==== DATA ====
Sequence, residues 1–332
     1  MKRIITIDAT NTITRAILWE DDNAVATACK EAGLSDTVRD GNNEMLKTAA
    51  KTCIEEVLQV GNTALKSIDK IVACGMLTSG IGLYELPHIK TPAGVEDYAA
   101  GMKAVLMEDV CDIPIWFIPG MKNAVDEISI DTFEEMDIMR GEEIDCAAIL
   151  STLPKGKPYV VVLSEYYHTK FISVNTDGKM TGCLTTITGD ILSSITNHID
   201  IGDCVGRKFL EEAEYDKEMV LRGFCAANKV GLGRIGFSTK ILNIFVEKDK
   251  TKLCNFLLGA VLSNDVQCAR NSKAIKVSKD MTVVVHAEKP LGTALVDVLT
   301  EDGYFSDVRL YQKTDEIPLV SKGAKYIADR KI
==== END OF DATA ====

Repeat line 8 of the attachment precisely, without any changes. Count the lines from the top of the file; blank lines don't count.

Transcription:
   301  EDGYFSDVRL YQKTDEIPLV SKGAKYIADR KI